The Rolling Stones single heavily inspired by William S. Burroughs

The light-fingered tendencies of The Rolling Stones is certainly no secret. After all, Mick Jagger pilfered his entire act from the Black blues musicians that had come before him. Over the years, the band has pinched everything from the gospel stylings of ‘The Last Time’ to The Verve’s ‘Bittersweet Symphony’ royalty cheques. Therefore, it should come as no real shock that the rockers lifted a hit single from the revolutionary writing of William S. Burroughs.

Admittedly, The Stones are far from being the only rock act to find inspiration in the musings of Burroughs. An icon of the Beat Generation, the writer and artist had a huge effect on the countercultural revolution of 1960s America. His impact can be heard within the sounds of acts ranging from the no wave noise of Sonic Youth to the glam rock of David Bowie. For Stones frontman Mick Jagger, Burroughs offered the inspiration for an often-forgotten hit single.

Seeing the band adopt a sound akin to new wave or dance-rock, to the excitement of absolutely nobody, The Stones’ 1983 album Undercover told the story of a band struggling to adapt to the changing tides of music. Nevertheless, the record did provide the Rolling Stones with some hit singles, including ‘Undercover of the Night’, their biggest chart hit since 1981’s ‘Start Me Up’.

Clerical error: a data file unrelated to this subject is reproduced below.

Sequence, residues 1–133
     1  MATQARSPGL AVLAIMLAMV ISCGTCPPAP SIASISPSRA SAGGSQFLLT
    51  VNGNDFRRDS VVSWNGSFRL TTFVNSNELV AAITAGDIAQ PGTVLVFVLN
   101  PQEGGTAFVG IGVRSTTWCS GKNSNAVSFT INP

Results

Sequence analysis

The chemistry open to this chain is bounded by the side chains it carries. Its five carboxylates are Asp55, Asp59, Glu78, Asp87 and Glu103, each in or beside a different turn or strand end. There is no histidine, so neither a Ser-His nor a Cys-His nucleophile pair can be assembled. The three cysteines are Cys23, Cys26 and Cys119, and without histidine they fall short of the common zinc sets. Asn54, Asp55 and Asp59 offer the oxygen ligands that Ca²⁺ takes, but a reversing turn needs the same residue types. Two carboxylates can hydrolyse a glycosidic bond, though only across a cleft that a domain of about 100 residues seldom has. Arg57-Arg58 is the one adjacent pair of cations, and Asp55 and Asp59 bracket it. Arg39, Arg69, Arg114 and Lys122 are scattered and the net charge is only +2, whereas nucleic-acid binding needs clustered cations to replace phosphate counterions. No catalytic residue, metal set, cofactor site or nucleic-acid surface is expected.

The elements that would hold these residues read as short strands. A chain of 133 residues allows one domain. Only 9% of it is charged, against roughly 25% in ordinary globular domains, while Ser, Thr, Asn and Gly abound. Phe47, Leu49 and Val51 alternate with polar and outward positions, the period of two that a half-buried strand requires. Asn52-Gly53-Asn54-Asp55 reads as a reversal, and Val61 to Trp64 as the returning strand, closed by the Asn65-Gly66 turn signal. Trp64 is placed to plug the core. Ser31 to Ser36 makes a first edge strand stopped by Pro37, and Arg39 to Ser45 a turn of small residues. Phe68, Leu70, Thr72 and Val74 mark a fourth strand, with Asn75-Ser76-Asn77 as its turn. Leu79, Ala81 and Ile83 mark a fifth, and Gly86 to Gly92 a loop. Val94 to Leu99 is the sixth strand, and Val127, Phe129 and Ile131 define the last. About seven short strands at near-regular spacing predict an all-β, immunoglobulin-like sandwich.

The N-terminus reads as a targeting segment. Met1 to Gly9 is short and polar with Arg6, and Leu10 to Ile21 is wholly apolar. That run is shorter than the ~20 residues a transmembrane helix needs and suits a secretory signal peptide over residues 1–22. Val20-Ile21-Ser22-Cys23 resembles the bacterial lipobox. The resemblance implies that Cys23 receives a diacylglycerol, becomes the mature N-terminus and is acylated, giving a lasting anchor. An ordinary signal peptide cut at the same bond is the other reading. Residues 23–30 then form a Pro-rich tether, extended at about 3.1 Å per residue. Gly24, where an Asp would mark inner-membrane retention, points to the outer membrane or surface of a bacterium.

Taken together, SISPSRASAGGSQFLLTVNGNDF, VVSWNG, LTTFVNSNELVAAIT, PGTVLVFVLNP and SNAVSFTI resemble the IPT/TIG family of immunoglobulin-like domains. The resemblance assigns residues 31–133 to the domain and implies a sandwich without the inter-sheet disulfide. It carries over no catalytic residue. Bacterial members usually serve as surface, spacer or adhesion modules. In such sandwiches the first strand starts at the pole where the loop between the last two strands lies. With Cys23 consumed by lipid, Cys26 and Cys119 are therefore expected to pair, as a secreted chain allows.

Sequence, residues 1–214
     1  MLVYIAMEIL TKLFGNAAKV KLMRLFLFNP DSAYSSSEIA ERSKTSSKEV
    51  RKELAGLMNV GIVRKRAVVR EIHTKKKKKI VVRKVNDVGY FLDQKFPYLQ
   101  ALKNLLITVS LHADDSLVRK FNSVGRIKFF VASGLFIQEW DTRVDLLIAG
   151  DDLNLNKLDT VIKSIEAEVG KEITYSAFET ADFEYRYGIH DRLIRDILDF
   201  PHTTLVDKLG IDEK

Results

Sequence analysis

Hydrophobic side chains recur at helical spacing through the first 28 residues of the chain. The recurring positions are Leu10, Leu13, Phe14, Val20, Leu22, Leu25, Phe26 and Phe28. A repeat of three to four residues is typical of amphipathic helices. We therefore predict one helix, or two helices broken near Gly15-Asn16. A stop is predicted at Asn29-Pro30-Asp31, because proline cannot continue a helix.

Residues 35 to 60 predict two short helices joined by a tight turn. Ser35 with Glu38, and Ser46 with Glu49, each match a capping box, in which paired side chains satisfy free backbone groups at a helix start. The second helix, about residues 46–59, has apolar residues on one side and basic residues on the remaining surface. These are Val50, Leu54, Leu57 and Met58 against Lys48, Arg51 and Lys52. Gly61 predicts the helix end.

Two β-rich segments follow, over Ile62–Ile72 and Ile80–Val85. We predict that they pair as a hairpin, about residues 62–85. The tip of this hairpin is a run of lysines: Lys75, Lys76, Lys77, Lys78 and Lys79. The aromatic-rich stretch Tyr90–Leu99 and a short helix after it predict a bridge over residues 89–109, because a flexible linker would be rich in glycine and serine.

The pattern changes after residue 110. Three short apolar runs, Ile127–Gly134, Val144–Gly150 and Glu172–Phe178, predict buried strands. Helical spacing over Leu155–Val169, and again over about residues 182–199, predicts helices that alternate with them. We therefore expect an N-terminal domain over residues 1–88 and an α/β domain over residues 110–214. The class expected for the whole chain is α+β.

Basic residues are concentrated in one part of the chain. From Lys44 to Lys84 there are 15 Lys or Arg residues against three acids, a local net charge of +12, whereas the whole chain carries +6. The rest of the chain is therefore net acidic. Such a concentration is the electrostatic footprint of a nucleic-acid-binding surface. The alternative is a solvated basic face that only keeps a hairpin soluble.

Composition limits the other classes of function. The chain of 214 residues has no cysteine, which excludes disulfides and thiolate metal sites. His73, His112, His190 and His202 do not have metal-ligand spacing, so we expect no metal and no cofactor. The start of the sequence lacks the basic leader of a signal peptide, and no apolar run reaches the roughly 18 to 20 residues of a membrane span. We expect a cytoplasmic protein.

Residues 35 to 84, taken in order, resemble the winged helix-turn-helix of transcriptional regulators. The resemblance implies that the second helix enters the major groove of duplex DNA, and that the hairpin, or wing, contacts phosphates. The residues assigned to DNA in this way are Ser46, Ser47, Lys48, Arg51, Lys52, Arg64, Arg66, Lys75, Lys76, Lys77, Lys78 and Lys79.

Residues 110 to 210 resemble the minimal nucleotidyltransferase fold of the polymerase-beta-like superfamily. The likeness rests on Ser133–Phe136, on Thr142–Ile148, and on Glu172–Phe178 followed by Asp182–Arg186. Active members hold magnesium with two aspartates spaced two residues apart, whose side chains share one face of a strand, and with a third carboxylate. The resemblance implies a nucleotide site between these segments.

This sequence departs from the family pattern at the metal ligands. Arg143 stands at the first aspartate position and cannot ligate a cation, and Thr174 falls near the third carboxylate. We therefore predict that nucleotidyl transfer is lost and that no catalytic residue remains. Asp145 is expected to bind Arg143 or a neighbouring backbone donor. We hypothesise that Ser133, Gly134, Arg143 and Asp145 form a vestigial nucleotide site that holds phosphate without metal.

As Jagger readily admits, the track drew heavy inspiration from the work of William S. Burroughs. Of the track, the singer revealed, “I’m not saying I nicked it, but this song was heavily influenced by William Burroughs’ Cities Of The Red Night, a free-wheeling novel about political and sexual repression.” The resulting song is a rare political effort from the Stones – who were, by 1983, global superstars worth millions – discussing political corruption in the USA.

Continuing in his description of the track, Jagger shared, “It combines a number of different references to what was going down in Argentina and Chile. I think it’s really good but it wasn’t particularly successful at the time because songs that deal overtly with politics never are that successful, for some reason.”

While “not particularly successful” is a strange way to describe a single which reached number 11 in the singles charts and number nine in the US, the song is admittedly overlooked within the Stones’ discography.

Cities of the Red Night was first published in 1981, Burroughs’ first full-length novel for a decade. The novel follows two parallel stories: one of pirates seeking to live freely and one of a detective searching for a missing child. As is to be expected of Burroughs, the novel is awash with allegory and comparisons to present-day political struggles.

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